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Printed from https://www.writing.com/main/view_item/item_id/1461775-Let-Them-East-Processed-Sewage
Rated: E · Column · Home/Garden · #1461775
A description of where Milorganite comes from, and what it can do for your lawn.
Q: A friend recommended that I use Milorganite to fertilize my lawn. What is this, and is it as good as regular fertilizer?

A: Milorganite is simply a type of fertilizer, but it has a few characteristics that set it apart. In fact, if you have any relatives in Milwaukee, you may well be utilizing their leftovers. When I use the term “leftovers”, I ain’t talking about the uneaten food.

The name “Milorganite” is actually a composite of MILwaukee ORGAnic NITrogen. In a nod to the peculiar rules of English spelling, an E was added on the end to make the word sound better.

This product was first made as a by-product of Milwaukee’s sewage treatment plant in 1926. Some scientists analyzed the nutrient content and found that it had the grade of 6-2-0 (more common, synthetic fertilizers are more like 20-5-10). You may recall from a previous column that this means it has 6% Nitrogen, 2% Phosphorus, and 0% Potassium. In truth, there is a little potassium, just not enough to make the label. Since the nutrient concentration is three to four times lower than typical fertilizers, you would need to apply three to four times as much for the same effect.

When you open a bag of Milorganite, you’ll immediately notice that it smells like a warm apple pie that has been carefully and lovingly dropped into fifteen thousand gallons of raw sewage. Actually in all fairness, they do a heck of a job in reducing the odor. Still, you’ll find it less preferable to the fertilizers you are probably used to. Keep in mind though that in 1926, this stuff was practically Chanel #5 compared to the actual sewage sludge that was previously used.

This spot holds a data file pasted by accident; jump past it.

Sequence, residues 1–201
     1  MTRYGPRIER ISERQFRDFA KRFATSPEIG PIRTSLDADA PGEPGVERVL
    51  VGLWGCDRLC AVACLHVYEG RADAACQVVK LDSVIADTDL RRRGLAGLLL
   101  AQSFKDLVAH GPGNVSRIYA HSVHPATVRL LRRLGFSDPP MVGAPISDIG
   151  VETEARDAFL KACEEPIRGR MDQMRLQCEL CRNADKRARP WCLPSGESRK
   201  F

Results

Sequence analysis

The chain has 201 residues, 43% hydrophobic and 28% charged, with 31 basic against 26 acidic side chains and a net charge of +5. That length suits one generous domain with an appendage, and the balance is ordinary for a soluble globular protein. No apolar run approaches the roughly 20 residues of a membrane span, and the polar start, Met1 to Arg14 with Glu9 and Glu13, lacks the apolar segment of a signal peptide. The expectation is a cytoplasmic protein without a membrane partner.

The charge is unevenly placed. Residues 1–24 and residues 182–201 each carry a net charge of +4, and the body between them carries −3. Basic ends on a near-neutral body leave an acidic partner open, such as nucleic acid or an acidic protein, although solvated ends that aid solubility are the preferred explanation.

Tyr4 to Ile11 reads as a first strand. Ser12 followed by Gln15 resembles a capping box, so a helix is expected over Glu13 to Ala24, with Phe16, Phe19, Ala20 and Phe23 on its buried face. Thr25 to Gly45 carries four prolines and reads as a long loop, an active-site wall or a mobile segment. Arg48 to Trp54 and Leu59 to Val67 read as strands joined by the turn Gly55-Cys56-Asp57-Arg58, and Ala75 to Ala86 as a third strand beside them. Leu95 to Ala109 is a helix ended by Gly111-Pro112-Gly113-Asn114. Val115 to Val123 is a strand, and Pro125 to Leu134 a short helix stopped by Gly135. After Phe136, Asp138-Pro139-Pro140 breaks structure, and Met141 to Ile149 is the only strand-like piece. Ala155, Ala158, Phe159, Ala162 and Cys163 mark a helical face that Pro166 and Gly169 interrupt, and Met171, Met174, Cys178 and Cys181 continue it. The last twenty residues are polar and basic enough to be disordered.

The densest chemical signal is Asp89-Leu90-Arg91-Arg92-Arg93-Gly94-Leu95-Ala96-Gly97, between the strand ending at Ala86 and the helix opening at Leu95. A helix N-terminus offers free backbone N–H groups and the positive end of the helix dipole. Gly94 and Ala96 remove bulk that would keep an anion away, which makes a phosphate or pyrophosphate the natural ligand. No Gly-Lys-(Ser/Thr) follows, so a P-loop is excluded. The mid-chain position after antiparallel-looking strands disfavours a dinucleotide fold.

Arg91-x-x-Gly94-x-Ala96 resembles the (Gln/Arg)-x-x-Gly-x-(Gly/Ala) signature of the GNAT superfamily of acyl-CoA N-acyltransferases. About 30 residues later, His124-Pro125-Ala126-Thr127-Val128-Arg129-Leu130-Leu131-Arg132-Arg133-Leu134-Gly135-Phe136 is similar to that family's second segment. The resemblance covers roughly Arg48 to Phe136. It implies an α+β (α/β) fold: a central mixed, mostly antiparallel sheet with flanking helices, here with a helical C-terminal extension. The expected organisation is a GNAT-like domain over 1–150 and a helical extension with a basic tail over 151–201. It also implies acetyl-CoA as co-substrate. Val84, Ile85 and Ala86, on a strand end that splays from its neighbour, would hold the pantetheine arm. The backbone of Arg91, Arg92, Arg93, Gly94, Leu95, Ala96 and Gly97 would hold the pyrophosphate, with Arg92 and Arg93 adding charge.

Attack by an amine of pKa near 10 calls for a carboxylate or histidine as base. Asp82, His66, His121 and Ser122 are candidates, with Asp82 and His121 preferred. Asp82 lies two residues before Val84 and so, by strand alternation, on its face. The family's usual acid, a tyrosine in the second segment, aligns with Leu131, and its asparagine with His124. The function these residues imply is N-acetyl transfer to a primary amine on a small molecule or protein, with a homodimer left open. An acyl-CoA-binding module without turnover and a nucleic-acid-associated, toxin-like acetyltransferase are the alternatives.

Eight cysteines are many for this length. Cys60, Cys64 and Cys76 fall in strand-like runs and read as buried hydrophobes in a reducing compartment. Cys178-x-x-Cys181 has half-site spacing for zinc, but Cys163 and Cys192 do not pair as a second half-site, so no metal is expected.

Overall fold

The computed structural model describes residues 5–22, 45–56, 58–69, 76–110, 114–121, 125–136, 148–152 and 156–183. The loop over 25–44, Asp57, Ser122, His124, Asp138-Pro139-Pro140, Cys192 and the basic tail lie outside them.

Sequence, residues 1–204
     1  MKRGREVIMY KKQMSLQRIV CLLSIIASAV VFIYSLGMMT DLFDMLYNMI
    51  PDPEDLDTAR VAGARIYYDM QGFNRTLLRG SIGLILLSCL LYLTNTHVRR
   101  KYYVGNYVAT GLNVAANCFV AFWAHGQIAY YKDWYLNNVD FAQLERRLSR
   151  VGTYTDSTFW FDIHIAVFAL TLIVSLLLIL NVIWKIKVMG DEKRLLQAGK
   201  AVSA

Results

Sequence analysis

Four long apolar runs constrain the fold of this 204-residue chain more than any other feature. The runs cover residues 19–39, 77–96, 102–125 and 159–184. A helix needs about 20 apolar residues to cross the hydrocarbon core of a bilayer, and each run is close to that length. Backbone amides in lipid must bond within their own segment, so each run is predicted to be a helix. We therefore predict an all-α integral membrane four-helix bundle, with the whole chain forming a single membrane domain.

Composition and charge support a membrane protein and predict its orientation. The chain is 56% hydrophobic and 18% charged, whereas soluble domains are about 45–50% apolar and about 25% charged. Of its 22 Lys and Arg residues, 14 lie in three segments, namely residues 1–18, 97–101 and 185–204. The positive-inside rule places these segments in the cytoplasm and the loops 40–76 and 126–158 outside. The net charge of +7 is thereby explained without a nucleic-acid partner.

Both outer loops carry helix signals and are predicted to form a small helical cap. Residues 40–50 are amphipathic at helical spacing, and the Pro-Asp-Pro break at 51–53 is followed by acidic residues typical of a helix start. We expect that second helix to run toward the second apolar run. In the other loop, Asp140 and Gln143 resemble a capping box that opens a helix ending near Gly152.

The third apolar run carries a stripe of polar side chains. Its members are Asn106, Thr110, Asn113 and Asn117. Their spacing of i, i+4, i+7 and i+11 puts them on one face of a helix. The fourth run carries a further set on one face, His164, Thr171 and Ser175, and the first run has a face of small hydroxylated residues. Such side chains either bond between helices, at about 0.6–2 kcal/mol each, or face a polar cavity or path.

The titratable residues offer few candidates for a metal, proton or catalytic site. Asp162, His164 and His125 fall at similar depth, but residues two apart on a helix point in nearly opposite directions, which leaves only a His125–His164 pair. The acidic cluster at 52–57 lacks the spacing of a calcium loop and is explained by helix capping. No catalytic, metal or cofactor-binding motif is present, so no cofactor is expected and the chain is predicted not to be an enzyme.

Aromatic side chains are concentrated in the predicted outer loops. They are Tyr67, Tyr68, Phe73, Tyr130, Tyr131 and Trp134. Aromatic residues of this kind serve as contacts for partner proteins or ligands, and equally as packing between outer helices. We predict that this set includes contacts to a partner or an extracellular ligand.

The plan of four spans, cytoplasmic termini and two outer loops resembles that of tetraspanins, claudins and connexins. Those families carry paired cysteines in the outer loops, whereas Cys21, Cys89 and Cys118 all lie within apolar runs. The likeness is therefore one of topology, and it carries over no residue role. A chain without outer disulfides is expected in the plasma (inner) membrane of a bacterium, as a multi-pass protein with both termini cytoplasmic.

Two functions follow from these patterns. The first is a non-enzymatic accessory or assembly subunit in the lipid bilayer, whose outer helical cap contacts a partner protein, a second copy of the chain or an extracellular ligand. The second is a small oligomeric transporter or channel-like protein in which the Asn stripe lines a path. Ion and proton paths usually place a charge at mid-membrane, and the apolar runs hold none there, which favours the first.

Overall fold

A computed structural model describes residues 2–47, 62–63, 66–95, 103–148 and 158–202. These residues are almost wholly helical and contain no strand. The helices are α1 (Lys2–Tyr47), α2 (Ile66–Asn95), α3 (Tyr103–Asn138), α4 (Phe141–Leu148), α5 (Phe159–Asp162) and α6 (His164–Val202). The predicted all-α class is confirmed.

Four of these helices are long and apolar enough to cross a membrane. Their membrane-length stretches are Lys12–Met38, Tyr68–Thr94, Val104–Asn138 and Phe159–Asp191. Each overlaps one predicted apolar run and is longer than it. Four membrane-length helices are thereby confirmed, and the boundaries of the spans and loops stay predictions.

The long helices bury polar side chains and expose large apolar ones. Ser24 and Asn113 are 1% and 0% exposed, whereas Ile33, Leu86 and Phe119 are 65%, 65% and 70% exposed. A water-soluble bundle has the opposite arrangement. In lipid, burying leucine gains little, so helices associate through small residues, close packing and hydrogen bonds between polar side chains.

The only drawback to using all organic fertilizers like Milorganite is that they are temperature dependent. Organics require soil microorganisms to break them down before the nutrients become available. The microorganisms in question happen to be quite lazy when the soil temperatures are cool. If you were to fertilize your lawn with Milorganite in Early April, you may not see any significant results for up to a month and a half. This can get frustrating.

One of the added benefits to using an organic source like Milorganite is that you are literally feeding the microorganisms in the soil. Without getting too technical, that’s a good thing. In fact, the nutrients your lawn gets are actually by-products of the microorganisms feeding. If you think about it, your lawn is actually getting nutrition from a by-product of a processed by-product of last year’s Thanksgiving dinner. If that isn’t the perfect circle of life, I don’t know what is.

I do have one added suggestion though. Since the Potassium concentration is so low, you should consider picking up some inexpensive potassium fertilizer in the form of sulfate of potash. The grade on this will be 0-0-7. As I struggle with the urge to make a James Bond joke, I’ll point out that one application per year of the potassium will be completely sufficient. The other thing I’ll point out is that sulfate of potash is basically crushed up rocks. You can feel comfortable that this is also a natural product.

Though Milorganite shouldn’t be looked at as some sort of panacea, in certainly can be used as a positive addition to your overall lawn care strategy.

Want to see more?  Visit me on the web at www.TheLawnCoach.com.  I hope to hear from you there!
© Copyright 2008 C.J. Brown (grassr1 at Writing.Com). All rights reserved.
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